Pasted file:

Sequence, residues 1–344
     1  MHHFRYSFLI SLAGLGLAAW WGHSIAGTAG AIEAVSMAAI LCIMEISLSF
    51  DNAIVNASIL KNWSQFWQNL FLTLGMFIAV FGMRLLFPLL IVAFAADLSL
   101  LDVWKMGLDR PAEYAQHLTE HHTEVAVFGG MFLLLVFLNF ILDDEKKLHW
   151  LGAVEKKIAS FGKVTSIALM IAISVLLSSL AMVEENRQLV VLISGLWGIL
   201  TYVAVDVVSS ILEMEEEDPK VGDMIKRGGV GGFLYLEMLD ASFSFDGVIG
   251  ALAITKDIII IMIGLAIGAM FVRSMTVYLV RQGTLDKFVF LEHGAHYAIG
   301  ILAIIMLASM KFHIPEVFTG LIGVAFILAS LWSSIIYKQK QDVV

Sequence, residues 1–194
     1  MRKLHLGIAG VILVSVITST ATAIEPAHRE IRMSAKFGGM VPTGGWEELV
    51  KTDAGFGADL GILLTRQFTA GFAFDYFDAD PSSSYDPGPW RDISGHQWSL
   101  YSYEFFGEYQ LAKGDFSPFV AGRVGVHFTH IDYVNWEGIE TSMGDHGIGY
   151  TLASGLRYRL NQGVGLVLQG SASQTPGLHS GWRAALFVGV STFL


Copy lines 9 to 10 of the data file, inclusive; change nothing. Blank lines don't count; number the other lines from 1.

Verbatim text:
Sequence, residues 1–194
     1  MRKLHLGIAG VILVSVITST ATAIEPAHRE IRMSAKFGGM VPTGGWEELV